Veronica Wadley, the new editor of the Evening Standard, certainly
provokes strong emotions in those who've worked with her. "I adore her.
Her strengths are amazing, she's a marvellous inspirer and a great
enthusiast and the Standard is jolly lucky to get her," a rather
breathless Lynda Lee Potter from the Daily Mail gushes.
But another former Mail colleague, who preferred to remain anonymous,
has a very different view: "She's the archetypal media bitch. One minute
she'll make you feel like you're wrapped in honey, the next like you're
a piece of shit on the pavement."
Wadley, 49, refused to be interviewed, deferring to Lee Potter, who
acknowledged that her erstwhile colleague has a tough exterior "but is
immensely kind underneath".
Her appointment, as a replacement for the Fleet Street and Falklands
veteran Max Hastings, comes at a time when the direction that
metropolitan evening newspapers are going in seems uncertain. Although
the Standard's ABC's are pretty robust at just over 400,000, they have
fallen over the past decade. This has not given press buyers immediate
cause for concern, but has raised the question of how such evening
papers intend to evolve editorially if they are to survive in the long
The emergence of online news sites and increased daytime TV news
coverage, along with the newer threat of Metro, presents a challenge to
the monopoly that used to exist for the Standard in informing readers
first. Like other papers, it is offering improved features coverage as
an extra attraction. Wadley's appointment - she is the former features
editor of The Daily Telegraph and the deputy editor (features) at the
Daily Mail - seems to confirm this strategy will continue.
Edward Lloyd Barnes, the media consultant and former Media Edge
director, says: "There's growth potential for the Standard in the 20- to
35-year-old market but the paper needs to be made more frivolous and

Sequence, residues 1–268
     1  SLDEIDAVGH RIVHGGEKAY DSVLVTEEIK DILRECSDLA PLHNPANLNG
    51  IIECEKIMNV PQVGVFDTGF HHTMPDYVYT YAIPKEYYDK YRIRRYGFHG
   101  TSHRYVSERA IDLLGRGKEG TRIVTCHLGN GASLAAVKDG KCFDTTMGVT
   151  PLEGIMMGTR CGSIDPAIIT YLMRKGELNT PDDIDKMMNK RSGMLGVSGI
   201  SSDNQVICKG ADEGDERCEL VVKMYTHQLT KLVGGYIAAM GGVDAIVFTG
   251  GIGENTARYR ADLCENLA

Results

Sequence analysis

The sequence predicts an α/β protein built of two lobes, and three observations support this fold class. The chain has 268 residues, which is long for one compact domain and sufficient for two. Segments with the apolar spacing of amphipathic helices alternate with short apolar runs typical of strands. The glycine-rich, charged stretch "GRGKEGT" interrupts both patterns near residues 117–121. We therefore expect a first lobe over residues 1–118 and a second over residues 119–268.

less worthy. It needs bite-sized digestible news and to become more
involved in what's going on in London."
One criticism levelled at Hastings was that his lifestyle, as a member
of the Countryside Alliance and the time spent at his Northamptonshire
estate, was at odds with that of his urban readers. However, there is
hope that the Benenden-educated Wadley, despite her "top drawer"
background, will be able to connect better with Londoners - particularly
women and the key youth market.
If Hastings made the paper a slightly more liberal tabloid version of
The Daily Telegraph, then the aim is that Wadley will push the paper's
editorial direction towards that of a metropolitan Daily Mail. "She's
got a coterie of good writers on her side, good contacts including those
'close to the Royals' from her days at the Telegraph and she's adept at
keeping celebrities on side," a former colleague says.
Lee Potter testifies that Wadley is hardworking and disciplined. "The
way she handles work is incredible. Her strengths are amazing, her copy
is always perfect and she manages to juggle both a family life and her
job wonderfully. The Standard is the perfect job."
Even Wadley's critics say that during her time at the Telegraph she
managed to enliven the paper's traditionally fuddy-duddy features, which
was what first endeared her to Hastings. "She's got the right
temperament to get on in the cut-and-thrust world of being a woman in
journalism - a combination of ruthlessness, charm and guile," her former
Judging by her clippings, Wadley has made some enemies along the way and
a few years ago she was involved in a public spat with The Guardian's
After seven years with Associated, Wadley is considered very much a
company woman and there has been speculation that Associated's
editor-in-chief (and the Daily Mail editor), Paul Dacre, has put "his
woman" in place.
Time will tell whether a greater focus on features is the answer to the
long-term decline of evening newspapers. If it is then the Standard
would appear to have the right woman at the helm.